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Vascular Lesions


What is Photo Rejuvenation?

Photo rejuvenation involves the treatment of surface skin irregularities such a fine lines, enlarged pores and benign pigmented and vascular lesions by using a light based system such as a laser.  At Territory Laser Clinic we use the Candela GentleMax Pro medical grade laser.  We were the first clinic in the Northern Territory to own and operate Candela medical grade lasers and Dermal Therapists Holly Copping is a Syneron Candela Laser Certified Practitioners.

Treating vascular lesions

Laser is indicated for the treatment of the following vascular lesions:

  • Telangiectasia (Facial Vessels)

  • Cherry Angioma

  • Diffuse Erythema (Redness) or Facial Flushing

  • Poikiloderma of Civatte (Combination of Pigmentation and Vessels) 

  • Rosacea

  • Haemangioma

How does laser treat vascular lesions?​

Red blood cells contain Haemoglobin molecules.  A Haemoglobin molecule contains heme or an iron pigment complex.  This enables red blood cells to hold oxygen creating Oxyhaemoglobin, which is bright red in colour.  

The heat destroys the red blood cells and the cells that form the wall of the blood vessels, referred to as endothelial cells.  This can result in permanent destruction, part destruction or temporary destruction of the vessels.  

The effectiveness is determined by the vessel size and depth, the fluence (energy) used and the pulse width.  A larger vessel requires a longer pulse width.  Fine surface vessels require a very short pulse width.  

Treatment may result in only some cells being destroyed, in which case, the surviving endothelial cells will restore the vessel to partial or full function.

​How many sessions will I need?​

The number of sessions a patient needs to obtain optimal results will depend on:

  1. Skin type

  2. Size of vessel

  3. Depth of vessel

  4. Fluence (energy)

On average, most patients will need between 3 and 6 sessions.

What are the post treatment changes?​


The vessels will either immediately disappear (though this may be disguised by general erythema created by heat, or coagulate (turn grey) or take 2 to 5 days to minimise or disappear.

What are the treatment intervals?

Some vessels will come back after treatment so sessions performed at 6 weekly intervals may be required to effectively destroy the vessel. 3 to 6 sessions on average is required.

How do I maintain the results?

Treated vessels and/or new vessels may re-appear in the future, so a maintenance program may be recommended.  It is also recommended that the patient wear sunscreen daily, reduce hot drinks, alcohol, spicy foods, and extreme temperatures in order to maintain results for as long as possible.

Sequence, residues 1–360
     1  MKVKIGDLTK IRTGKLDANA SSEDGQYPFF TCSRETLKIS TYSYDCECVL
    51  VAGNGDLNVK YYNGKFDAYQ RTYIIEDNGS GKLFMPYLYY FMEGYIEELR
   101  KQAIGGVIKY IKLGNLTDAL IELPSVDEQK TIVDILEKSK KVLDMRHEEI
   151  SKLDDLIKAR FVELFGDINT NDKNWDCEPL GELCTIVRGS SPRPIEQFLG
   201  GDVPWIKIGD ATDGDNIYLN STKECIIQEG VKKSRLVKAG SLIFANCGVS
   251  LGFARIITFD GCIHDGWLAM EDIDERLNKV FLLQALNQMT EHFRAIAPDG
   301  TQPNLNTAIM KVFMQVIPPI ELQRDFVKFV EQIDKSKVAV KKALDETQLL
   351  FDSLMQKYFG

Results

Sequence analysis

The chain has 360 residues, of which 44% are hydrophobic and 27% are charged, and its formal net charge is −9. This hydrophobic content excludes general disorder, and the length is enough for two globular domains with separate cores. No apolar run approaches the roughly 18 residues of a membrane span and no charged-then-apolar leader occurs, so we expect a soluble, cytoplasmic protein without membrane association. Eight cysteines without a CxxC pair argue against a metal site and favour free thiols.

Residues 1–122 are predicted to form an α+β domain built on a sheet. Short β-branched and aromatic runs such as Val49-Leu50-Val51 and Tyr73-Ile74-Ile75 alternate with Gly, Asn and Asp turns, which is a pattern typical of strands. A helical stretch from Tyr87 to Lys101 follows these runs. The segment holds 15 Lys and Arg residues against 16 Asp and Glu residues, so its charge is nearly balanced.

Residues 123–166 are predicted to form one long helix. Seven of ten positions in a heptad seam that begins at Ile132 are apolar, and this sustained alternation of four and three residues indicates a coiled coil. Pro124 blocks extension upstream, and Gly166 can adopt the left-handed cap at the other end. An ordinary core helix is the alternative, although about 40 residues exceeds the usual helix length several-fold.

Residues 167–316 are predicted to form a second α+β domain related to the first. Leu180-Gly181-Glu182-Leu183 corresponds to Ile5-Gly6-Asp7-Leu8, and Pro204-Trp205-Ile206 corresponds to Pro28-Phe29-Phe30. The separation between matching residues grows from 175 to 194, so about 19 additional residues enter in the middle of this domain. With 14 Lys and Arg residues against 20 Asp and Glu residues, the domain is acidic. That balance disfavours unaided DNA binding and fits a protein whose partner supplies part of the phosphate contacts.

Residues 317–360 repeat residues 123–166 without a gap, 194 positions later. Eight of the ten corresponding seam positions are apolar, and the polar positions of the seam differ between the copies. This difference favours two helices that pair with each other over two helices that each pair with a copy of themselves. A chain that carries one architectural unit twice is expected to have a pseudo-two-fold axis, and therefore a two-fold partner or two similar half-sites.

Click here to see before and after photos.


​Collagenesis (new collagen growth) using laser​​

Collagenesis is a favourable side effect of laser.  New collagen growth post laser involves a complex process of chemical changes, though to simplify, thermal injury results in an increase of fibroblast activity and angiogenesis.  The textural changes noticed may include a reduction in pore size, fine lines and skin roughness, as well as skin tightening and reduced flushing.  For collagenesis to become apparent, at least 2 sessions are required.  

What is the treatment process?


As with all dermal therapies, the consultation is essential to provide a desirable outcome for both patient and therapist.  During a consultation the therapist should assess skin type and skin condition being treated, and refer to doctor if further assessment is required. It is also important to discuss contraindications, discuss how treatment works, estimate the number of treatment sessions, discuss side effects of treatment and potential complications, advise the costs, a consent form must be signed and then any test patches can be performed.  

During a consultation, the therapist will also ask a number of questions to determine a candidates suitability for treatment.  It is important to postpone a treatment when a candidate presents with recent unprotected sun exposure, tanned skin, fake tan, known photosensitising reaction, and open lesions and cuts. Other factors affecting treatment outcome will need to be taken into consideration.  These include post treatment sun exposure, medications such as the oral contraceptive pill, topical steroid use, and hormonal changes such as pregnancy.  Lastly, the therapist needs to inform the patient how to look after their skin post treatment.

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